9. This thread is interesting to me, coming in from the electric railway museum scene. One good question is, what does “restoration” mean to you? How complete a scope, how big a budget, or how perfect a finish are expected from a “typical” restoration? Or, what is just a slight cleanup compared to a full restoration? And do you think that meaning has changed over the years? That might lead to some answers to the question in the thread title, but I’m not near experienced enough to suggest any myself. That meaning of “restoration” sure changes from collector cars to mass transit pr
  10. Hey Lump, I’m glad that info was useful. Here’s the answers you asked for: Question 1: I haven’t used quotes except to search for an exact phrase with one or more spaces in it. It doesn’t help emphasize words within a search. Question 2: In a comma-separated list, there is no need for a space after each comma. Some of my searches have so many things to include or exclude, they end up so long that I’m hitting the limit for how long a saved search can be! So leaving the spaces off saves on length. And yeah, eBay will recognize the comma or parethesis as a separation
  11. Thanks BearsFan315, that sounds like a solution that covers nearly every item I’m looking for, with bonus points that I’m already familiar with the software. I hadn’t thought of the feature to send a map planned on a computer to my phone, but that’s perfect! I do wonder if anyone will ever come out with a sort of “touring” or “antique car” mode for a navigation app, but this will do in the meantime. -Steven
  12. I agree with your frustrations, and it does take some work to get around those issues. I’ve had a lot of success using special characters in long searches, and saving the search. I’ll try to describe it for any computer skill level. My saved searches usually are a series of sets of parentheses. eBay only shows listings that fit the conditions in EVERY set of parentheses; if it doesn’t match just one, I’ll never see it (which is usually good!). For example, I use this to look for Auto-Lite parts for my bus: (autolite,auto lite,auto-lite,prestolite,presto-lite,pres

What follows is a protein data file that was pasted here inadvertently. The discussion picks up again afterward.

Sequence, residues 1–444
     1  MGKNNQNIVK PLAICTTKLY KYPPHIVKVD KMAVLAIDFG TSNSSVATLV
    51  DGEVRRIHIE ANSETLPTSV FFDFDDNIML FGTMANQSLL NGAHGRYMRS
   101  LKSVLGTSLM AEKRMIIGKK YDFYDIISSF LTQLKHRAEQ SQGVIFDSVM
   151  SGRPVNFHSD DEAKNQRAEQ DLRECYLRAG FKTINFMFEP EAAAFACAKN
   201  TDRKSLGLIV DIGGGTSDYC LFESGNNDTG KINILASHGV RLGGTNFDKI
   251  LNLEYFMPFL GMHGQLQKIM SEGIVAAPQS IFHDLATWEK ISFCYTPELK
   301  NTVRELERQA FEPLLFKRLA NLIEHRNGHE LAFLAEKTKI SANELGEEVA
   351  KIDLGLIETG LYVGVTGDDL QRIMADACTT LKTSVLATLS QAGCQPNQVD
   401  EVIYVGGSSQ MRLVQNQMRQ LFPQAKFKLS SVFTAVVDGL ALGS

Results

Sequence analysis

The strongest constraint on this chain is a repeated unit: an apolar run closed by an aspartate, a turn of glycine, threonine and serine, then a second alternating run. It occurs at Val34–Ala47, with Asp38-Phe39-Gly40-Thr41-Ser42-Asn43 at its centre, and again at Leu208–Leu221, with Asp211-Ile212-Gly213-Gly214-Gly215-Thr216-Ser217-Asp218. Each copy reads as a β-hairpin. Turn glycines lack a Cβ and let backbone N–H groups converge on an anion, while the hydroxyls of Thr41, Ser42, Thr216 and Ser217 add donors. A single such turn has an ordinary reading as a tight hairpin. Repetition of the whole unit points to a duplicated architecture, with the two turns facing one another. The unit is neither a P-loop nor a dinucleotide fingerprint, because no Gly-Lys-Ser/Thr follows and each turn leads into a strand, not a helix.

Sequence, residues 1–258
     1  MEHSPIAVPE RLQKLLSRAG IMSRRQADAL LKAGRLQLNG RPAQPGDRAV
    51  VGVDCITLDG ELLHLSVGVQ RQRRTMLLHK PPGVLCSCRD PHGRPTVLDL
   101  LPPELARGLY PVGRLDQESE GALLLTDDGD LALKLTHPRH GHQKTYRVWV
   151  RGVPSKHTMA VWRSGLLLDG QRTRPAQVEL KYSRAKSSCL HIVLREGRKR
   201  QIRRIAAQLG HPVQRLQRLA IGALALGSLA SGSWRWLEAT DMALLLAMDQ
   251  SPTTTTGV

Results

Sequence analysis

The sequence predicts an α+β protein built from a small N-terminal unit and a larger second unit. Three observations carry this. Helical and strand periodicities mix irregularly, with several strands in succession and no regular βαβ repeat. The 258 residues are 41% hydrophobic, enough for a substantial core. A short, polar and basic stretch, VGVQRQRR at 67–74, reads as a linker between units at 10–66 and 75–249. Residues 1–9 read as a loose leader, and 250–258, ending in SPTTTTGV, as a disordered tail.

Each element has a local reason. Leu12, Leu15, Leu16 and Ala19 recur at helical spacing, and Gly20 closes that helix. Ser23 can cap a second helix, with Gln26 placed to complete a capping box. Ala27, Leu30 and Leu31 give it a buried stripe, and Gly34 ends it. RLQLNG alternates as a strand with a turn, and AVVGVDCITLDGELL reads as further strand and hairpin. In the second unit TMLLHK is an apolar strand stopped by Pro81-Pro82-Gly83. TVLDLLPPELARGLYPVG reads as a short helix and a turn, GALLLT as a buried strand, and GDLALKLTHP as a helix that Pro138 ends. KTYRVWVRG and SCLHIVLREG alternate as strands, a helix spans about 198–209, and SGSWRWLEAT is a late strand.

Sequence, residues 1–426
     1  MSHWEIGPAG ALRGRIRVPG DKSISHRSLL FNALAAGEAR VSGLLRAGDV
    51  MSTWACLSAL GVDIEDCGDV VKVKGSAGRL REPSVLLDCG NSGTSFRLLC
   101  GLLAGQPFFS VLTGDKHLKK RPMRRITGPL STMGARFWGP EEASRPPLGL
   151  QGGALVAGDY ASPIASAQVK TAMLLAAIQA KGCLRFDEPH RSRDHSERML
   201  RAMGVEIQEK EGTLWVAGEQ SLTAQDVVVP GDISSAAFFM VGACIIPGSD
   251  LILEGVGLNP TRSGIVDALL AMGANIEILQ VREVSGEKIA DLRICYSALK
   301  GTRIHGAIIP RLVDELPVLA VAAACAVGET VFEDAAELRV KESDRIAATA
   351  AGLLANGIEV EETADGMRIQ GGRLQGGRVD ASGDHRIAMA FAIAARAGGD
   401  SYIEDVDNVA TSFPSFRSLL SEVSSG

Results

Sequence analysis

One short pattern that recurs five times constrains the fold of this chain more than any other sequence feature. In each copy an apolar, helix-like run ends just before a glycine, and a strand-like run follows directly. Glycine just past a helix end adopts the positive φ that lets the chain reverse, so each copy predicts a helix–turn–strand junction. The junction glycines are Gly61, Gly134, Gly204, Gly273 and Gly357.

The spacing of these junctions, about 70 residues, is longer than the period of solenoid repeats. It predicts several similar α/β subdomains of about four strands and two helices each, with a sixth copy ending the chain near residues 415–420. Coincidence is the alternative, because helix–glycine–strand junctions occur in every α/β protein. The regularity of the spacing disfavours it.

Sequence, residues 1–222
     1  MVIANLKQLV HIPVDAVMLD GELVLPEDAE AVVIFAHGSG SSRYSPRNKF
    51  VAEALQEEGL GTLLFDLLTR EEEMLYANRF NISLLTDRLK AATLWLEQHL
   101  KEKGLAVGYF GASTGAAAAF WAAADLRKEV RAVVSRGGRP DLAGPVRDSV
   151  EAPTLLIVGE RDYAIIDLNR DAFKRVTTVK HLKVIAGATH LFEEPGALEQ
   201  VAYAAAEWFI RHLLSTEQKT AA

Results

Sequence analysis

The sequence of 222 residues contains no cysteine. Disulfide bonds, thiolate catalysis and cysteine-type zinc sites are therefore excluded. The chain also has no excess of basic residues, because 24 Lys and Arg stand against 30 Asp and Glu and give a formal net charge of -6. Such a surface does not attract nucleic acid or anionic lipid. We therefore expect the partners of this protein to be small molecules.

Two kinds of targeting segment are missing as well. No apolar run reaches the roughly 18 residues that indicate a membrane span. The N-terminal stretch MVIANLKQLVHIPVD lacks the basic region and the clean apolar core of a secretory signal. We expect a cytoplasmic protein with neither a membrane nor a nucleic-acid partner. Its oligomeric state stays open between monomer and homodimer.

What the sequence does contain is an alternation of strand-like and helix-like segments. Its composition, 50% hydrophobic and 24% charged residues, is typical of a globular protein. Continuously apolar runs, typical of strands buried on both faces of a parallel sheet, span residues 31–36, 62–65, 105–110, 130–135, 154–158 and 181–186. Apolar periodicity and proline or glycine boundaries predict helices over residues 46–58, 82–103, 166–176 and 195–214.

13. I’m looking for suggestions of a GPS navigator app with some features friendly to classic or antique cars. I’ve tried a couple Internet searches, but I don’t see many app websites or list articles relevant to my search. Some features I’d like are: - The app MUST have the ability to manually place waypoints or customize the route. The standard Google and Apple map apps lack this. Especially since my classic is 30 feet long, there are certain very specific road features I’d like to detour around case-by-case, not with some algorithm that doesn’t understand my situation.
  14. I started a new tradition this year: decorating my Brill bus for the holidays. Lights, ornaments, and a retro-style bus stop sign rounded out this first year’s display. I took cues from both Trailways and Greyhound ads and signs of the 1940s and 50s for my sign. Their old ads are such wonderful works of art! I hope I can get near their level someday. -Steven